Another clue into when feds will see a raise in their paychecks

In today's Federal Newscast, all signs point to federal employees' paychecks looking a little larger by early next week.

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  • All signs point to federal employees’ paychecks looking a little larger by early next week. An email from the National Finance Center, obtained by Federal News Network, said the raise and a lump sum from the period of retroactivity will be in checks by next Monday.
  • Employees who saw a change in pay status nay not see a raise until May 20 though — including at least 20,000 employees at the IRS. The National Treasury Employees Union said about 20% of the total IRS workforce has experienced a change in pay status since the start of the year.
  • Unions call to end a culture of bullying at the Transportation Security Administration. The American Federation of Government Employees said new reporting shows workplace retaliation and bullying may have contributed to the death of a TSA agent in February. The agent jumped to his death from a balcony at the Orlando International Airport. (American Federation of Government Employees)
  • Mary Kendall, deputy inspector general at the Interior Department, will leave the agency for a similar job with Amtrak. E&E News reported Kendall will retire from the agency in May after about 20 years. Kendall’s departure announcement came just as her office began a new investigation into Interior Secretary David Bernhardt. The agency for several years has also been conducting investigations into Ryan Zinke, the former secretary. She’s also served as acting IG since 2009.  (E&E News)
  • Acting Homeland Security Secretary Kevin McAleenan moved quickly to shore up leadership at his previous agency. He named John Sanders, currently the chief operating officer at Customs and Border Protection, as the acting commissioner. Sanders comes from the technology side of the security industry, having been a founder of an imaging equipment company later acquired by SAIC. Before joining Customs and Border Protection, Sanders was chief technology officer of TSA, where he worked on the PreCheck program. (Department of Homeland Security)
  • FEMA alerted state, local and industry emergency managers not to overlook the importance of a secure supply chain. The agency released a Supply Chain Resilience Guide with recommendations and best practices to ensure products are not tainted. It used a five-phased approach around research, analysis, outreach, action and assessment, and refinement. FEMA has planned for a series of webinars later this month and released two “prep talks” about supply chain resilience case studies. (Federal Emergency Management Agency)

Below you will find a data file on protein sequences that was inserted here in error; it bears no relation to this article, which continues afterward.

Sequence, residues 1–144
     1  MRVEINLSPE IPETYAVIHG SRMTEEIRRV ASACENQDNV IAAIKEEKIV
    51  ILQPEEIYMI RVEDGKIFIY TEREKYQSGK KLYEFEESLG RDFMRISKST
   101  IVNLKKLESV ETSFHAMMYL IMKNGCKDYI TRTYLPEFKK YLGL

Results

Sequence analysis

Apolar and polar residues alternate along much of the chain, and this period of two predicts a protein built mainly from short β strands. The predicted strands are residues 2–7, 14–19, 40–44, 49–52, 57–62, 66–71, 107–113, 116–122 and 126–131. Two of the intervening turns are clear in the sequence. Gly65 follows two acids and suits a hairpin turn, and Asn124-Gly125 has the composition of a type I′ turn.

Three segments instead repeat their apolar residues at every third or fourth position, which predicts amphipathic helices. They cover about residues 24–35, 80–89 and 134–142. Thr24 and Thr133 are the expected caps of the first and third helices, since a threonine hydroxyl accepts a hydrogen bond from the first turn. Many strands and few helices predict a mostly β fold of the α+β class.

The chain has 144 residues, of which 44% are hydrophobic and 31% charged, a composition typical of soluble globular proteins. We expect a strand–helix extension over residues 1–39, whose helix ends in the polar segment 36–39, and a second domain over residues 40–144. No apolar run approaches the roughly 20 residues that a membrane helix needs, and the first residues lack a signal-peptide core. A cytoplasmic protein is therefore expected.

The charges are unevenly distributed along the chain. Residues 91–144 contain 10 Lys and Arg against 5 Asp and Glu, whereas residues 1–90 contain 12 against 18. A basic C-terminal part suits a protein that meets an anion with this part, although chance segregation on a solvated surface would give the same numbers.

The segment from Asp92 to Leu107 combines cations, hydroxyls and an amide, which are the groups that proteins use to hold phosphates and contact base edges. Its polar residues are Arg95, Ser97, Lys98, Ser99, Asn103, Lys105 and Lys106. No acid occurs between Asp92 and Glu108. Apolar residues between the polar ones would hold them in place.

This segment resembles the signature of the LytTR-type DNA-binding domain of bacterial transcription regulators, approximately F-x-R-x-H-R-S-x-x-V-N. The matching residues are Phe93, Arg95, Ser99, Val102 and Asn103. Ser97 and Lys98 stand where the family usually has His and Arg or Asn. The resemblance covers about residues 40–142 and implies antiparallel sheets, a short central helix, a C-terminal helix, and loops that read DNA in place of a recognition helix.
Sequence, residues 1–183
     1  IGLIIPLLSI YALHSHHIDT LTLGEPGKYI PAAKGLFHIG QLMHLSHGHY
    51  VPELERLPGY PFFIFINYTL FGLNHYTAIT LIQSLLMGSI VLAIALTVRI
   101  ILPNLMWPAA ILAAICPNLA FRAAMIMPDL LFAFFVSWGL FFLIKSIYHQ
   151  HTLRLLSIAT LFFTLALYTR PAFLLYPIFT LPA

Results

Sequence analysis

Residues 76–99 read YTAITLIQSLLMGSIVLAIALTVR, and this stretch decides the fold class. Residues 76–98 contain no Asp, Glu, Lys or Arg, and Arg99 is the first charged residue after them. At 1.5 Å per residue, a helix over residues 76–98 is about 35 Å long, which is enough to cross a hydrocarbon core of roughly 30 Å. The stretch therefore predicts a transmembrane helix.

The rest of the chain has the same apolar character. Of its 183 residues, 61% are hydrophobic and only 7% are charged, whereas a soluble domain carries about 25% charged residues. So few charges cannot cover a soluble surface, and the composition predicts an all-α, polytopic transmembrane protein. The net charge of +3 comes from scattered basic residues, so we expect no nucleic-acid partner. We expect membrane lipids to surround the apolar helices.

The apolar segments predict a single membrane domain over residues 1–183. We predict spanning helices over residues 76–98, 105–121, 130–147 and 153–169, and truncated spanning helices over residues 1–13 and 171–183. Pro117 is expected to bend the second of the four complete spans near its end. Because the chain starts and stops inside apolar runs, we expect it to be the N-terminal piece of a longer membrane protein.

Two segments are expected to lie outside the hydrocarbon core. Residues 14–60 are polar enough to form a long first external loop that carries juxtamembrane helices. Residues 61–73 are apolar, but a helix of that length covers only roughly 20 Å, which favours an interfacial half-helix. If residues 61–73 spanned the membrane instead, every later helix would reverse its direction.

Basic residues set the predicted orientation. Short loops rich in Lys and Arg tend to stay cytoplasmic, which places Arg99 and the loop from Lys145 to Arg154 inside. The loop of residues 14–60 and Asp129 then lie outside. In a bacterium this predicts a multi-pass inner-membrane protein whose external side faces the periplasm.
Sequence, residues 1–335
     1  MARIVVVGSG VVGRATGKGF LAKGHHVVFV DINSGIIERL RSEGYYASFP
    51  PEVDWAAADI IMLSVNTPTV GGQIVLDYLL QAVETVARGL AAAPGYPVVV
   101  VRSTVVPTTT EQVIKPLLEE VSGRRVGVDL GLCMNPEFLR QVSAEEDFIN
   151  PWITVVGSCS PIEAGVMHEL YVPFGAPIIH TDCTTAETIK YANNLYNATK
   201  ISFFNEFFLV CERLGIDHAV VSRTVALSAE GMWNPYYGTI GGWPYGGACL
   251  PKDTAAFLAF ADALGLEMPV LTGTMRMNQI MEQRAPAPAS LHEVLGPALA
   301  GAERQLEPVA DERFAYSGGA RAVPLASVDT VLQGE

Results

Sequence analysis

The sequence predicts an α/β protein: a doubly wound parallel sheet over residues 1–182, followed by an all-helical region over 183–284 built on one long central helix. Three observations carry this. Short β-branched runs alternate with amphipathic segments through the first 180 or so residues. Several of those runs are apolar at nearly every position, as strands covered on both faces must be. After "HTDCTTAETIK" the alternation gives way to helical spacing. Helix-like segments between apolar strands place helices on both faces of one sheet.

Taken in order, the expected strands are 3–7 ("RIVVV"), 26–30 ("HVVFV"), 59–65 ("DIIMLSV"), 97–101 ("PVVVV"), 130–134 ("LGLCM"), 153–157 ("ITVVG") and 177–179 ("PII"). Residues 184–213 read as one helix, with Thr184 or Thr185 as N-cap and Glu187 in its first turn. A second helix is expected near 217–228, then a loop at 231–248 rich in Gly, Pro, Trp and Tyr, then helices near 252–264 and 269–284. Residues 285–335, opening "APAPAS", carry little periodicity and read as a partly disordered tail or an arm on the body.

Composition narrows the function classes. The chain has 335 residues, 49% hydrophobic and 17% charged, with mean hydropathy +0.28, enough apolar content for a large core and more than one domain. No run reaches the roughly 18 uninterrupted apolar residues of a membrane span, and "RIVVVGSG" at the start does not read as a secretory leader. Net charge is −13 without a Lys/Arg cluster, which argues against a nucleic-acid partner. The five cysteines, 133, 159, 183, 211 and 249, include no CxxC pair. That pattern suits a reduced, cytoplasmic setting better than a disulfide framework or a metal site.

• The Trump administration’s initial effort to reskill and retrain federal workers for cyber jobs is off and running. The Federal Cyber Reskilling Academy kicked off its initial class with 30 students, five more than it had planned, earlier this week. With such an overwhelming demand for spots in the course, the CIO Council found funding to support five more students virtually. Classes started April 15 and run through July 15, with the goal of training non-technical federal employees on cybersecurity skills. More than 1,500 federal employees applied to join classes. The council is expecting to open up applications this spring for a second academy session. (Federal News Network)
  • Two top Democrats from the House Oversight and Reform Committee submitted a new request to the General Services Administration for documents related to the Trump Hotel lease. Committee Chair Elijah Cummings (D-Md.) and government operations subcommittee chair Gerry Connolly (D-Va.) have asked for them before, but this is the first time as the majority, which means they have subpoena power. The request came after GSA’s Office of the Inspector General released a report earlier this year claiming agency attorneys didn’t address Emoluments Clause concerns in their assessment of the lease. (House Oversight and Reform Committee)
  • Two new programs from the Intelligence Advanced Research Projects Activity (IARPA) want to come up with ways to combat machine learning. IARPA Director Stacey Dixon said the projects will focus on preventing adversaries from compromising training data behind AI tools. IARPA launched a draft broad-agency announcement for one project, called Trojans in Artificial Intelligence, back in December. Dixon said an announcement for the other program will be released later this year. (Federal News Network)
  • The Air Force is trying to recruit new civilian employees through their computer screens. The service held a virtual hiring fair last week were it interviewed more than 1,700 pre-screened candidates for civilian positions. Air Force HR specialists spoke with applicants via video chat. Qualifying candidates were recommended for a phone interview. (Air Force Personnel Center)
  • The Navy will build two new simulator facilities to give ship operators more practice and to update the current simulators they use. The move comes after a series of collisions killed 17 sailors a year and a half ago. A review found simulators were not up to par. The new facilities will be in San Diego, California, and Norfolk, Virginia. (Federal News Network)

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